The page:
Oil, natural gas prices fall as supply reports spur worries over demand

Oil and natural gas prices fell Thursday on concerns that demand for both is waning.

Benchmark West Texas Intermediate crude for April delivery dropped 94 cents to US$99.43 a barrel on the New York Mercantile Exchange. The contract expires Thursday. Most trading has moved to the May contract, which fell 27 cents to US$98.90 a barrel.

Natural gas lost 12 cents to US$4.37 per 1,000 cubic feet.

A day after the Energy Department’s weekly report on crude oil supplies, traders paid more attention to data showing that supplies rose by nearly six million barrels in the week ended March 14. Oil production continues to rise, but refineries are converting less of it to gasoline and diesel because they’re undergoing seasonal maintenance.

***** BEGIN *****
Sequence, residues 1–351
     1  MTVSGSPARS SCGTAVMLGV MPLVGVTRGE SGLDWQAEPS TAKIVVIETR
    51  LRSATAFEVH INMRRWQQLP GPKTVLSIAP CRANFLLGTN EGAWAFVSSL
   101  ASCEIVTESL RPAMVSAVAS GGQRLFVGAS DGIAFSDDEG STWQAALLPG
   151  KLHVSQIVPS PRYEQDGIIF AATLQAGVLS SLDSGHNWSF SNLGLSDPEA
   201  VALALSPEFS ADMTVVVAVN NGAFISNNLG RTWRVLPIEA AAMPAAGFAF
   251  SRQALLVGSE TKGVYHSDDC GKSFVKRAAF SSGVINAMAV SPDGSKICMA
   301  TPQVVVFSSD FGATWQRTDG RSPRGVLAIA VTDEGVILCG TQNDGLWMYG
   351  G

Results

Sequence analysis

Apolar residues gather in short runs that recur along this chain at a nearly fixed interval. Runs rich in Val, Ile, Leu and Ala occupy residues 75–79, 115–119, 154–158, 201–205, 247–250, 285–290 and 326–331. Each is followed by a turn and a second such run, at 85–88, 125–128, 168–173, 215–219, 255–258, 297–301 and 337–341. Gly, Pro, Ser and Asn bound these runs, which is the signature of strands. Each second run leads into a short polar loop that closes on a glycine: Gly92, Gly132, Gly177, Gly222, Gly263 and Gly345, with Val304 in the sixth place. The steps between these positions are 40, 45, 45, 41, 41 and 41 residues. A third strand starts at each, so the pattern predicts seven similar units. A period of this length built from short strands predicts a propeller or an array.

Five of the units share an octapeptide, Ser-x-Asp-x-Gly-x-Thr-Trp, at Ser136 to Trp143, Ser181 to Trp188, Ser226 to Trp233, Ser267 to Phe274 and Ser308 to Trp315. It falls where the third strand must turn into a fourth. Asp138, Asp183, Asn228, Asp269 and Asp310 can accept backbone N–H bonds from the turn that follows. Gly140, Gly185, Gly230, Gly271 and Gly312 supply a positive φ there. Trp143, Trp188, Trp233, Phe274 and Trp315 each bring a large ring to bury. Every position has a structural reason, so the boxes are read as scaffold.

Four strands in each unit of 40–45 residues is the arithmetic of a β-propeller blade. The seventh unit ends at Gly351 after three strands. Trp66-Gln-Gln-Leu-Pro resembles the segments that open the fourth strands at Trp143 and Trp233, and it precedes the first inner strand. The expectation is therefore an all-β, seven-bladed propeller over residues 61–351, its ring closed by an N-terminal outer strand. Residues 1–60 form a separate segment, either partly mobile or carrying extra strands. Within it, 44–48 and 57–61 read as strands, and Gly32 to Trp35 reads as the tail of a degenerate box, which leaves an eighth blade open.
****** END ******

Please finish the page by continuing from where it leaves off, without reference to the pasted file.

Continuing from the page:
On Thursday, the Energy Department said supplies of natural gas fell by 48 billion cubic feet last week. Analysts surveyed by Platts were expecting a decline of between 57 billion and 61 billion cubic feet. The U.S. supply is still about half what it was this time last year, following the severe winter weather in most of the country.

Brent crude, used to set prices for international varieties of crude, rose 60 cents to US$106.45 a barrel.

In other energy futures trading in New York, wholesale gasoline rose three cents to US$2.90 a U.S. gallon (3.79 litres) and heating oil rose two cents to US$2.92 a gallon.